Tree forming, shaping a bush into a tree: Tree Forming in Landscaping

Bonsai:  How to Start a Bonsai

Bonsai Maintenance:  Pruning an Overgrown Bonsai

Thanks for visiting John the Plant Man

As usual, I would just love for you click here to go to Amazon and purchase the ebook edition of my wonderful book, Requiem for a Redneck to go on your Kindle. I have also noticed that Amazon now has a free Kindle app for iphones and tablets. Is that cool or what?

Pruning a Japanese maple

Pruning a Japanese Maple

Japanese maples are special and as such they require special treatment.  They are such cute little trees when we plant them but after a while they get much larger.  It is a matter of personal preference as to whether the tree looks better in its natural state or whether it is more desirable to prune it.  I am generally of the latter opinion. Using modified bonsai techniques on a Japanese maple in its developmental stages makes for a beautiful, well shaped specimen when the tree gets larger. Here is a picture of a tree that I have neglected for a while:

Japanese maple needs shape and definition.  Time to prune

Japanese maple needs shape and definition. Time to prune

A wise old bonsai expert told me long ago that, “One should prune and shape the tree so that a bird can fly through it.” I try to follow that advice and I find it to be helpful for the overall long term health of the tree as well as from a design standpoint.

Looking at a Japanese maple trunk

I want to see the trunk

The trunk of the maple tree is usually very nice and I would like to see a bit of it on this specimen.  I look into the canopy and study the tree to see what should be removed.  All cuts are made carefully and followed by standing back to study the next move.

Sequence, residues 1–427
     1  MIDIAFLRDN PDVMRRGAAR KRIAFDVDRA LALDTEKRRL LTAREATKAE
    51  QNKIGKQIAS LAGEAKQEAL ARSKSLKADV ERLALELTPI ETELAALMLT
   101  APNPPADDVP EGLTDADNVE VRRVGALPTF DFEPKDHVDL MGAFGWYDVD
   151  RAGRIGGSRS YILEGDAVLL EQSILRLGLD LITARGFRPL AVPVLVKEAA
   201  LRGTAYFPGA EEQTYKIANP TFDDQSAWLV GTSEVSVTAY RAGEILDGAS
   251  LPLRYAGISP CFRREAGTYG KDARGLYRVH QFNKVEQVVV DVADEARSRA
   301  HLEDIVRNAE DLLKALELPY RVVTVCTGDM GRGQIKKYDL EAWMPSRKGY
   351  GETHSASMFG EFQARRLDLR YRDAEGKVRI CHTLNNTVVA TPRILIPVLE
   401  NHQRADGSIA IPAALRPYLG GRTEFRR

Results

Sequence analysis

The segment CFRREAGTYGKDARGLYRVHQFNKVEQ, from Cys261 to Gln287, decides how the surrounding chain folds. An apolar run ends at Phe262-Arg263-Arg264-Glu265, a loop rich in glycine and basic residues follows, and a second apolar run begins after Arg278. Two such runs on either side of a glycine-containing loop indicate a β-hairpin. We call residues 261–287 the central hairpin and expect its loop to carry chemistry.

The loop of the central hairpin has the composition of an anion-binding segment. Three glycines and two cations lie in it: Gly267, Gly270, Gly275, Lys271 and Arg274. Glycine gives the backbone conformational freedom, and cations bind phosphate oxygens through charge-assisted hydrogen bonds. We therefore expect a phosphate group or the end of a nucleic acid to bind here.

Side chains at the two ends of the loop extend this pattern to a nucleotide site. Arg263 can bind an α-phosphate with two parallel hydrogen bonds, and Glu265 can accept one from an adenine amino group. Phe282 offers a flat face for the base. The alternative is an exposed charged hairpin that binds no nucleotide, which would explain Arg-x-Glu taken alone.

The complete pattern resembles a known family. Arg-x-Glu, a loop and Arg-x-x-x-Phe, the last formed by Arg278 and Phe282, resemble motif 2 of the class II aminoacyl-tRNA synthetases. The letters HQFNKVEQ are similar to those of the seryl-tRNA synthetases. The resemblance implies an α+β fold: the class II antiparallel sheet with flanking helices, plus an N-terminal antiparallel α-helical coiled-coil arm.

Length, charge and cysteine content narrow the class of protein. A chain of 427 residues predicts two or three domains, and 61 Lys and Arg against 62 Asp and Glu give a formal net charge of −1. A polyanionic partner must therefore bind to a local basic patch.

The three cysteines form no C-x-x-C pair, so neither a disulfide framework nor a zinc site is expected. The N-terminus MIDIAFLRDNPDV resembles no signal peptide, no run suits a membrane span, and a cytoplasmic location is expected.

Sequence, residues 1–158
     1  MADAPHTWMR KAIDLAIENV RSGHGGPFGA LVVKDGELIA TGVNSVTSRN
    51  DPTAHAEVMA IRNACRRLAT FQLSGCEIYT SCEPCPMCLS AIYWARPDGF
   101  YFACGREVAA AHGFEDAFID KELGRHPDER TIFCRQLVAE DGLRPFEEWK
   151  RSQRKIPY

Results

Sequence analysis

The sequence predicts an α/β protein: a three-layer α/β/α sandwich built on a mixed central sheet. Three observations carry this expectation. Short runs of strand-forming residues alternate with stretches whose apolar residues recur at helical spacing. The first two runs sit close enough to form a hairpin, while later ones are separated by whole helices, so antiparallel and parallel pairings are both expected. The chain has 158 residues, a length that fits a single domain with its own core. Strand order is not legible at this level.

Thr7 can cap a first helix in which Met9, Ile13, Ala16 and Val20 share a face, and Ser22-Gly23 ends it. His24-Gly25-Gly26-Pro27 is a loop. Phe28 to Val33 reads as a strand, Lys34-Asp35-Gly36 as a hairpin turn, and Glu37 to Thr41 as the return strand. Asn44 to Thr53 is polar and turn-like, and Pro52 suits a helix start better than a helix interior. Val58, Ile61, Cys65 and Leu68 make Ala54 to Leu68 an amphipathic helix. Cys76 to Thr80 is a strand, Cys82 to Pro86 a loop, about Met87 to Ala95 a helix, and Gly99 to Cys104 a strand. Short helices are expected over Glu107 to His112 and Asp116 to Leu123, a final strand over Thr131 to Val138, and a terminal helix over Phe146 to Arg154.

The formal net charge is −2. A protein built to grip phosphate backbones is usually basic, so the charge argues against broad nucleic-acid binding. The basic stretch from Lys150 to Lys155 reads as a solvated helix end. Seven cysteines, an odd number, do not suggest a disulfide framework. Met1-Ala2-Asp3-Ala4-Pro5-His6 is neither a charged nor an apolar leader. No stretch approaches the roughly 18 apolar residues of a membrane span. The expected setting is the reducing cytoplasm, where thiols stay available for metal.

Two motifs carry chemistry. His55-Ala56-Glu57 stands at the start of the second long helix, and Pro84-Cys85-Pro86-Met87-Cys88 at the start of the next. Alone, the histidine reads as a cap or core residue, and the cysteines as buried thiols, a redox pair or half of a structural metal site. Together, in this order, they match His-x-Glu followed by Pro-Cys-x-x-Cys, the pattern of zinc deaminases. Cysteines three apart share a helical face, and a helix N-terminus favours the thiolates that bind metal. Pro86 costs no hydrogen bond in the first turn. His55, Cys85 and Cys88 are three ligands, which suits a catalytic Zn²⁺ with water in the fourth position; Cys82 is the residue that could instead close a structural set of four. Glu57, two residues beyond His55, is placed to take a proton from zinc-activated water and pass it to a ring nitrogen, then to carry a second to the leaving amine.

There are some larger limbs that I will remove to open up the tree canopy. These cuts are made one at the time.

Removing limbs to open up the canopy of the Japanese maple and to accentuate the trunk

Removing limbs to open up the canopy of the Japanese maple and to accentuate the trunk

A lot of small new growth needs to be removed.  Removing these will further open up the view of the trunk and the path of the bird.  It will also allow the trunk to gain strength by not having to share nutrients with the weak new growth.  Some of these twigs will be cut off and others will be just snapped off with a downward jerk.

removing small growth inside the maple canopy

removing small growth inside the maple canopy

When the thinning process is completed, I go through and carefully cut tips from the outer reaches of the tree.  This will encourage branching and a degree of miniaturization.  At this point the job is finished.

The pruned Japanese maple looks like this:

A well pruned Japanese maple

A well pruned Japanese maple

I have a story that lets you know when the job is finished.

My good friend and client, Betty, has about twenty Japanese maples in her yard.  I have been pruning and shaping them over a period of twenty five years.  One time I was shaping one of the trees and a visitor asked, “How do you know when you have cut enough?”

I thought for a few moments and answered, “I keep cutting until Betty is rolling in the driveway screaming. Then I know I have cut enough.”

Here are some related articles:

Creating a topiary,https://johntheplantman.com/2012/02/26/plant-in-the-wrong-place-make-a-topiary/

Tree forming, https://johntheplantman.com/2011/08/14/tree-forming-landscaping-from-the-inside-out/

The basics of pruning https://johntheplantman.com/2010/01/09/pruning-as-an-art-form-the-basics/

Want me to prune your Japanese maple? Contact me at wherdepony@bellsouth.net

As usual, I would just love for you click here to go to Amazon and purchase the ebook edition of my wonderful book, Requiem for a Redneck to go on your Kindle. I have also noticed that Amazon now has a free Kindle app for iphones and tablets. Is that cool or what?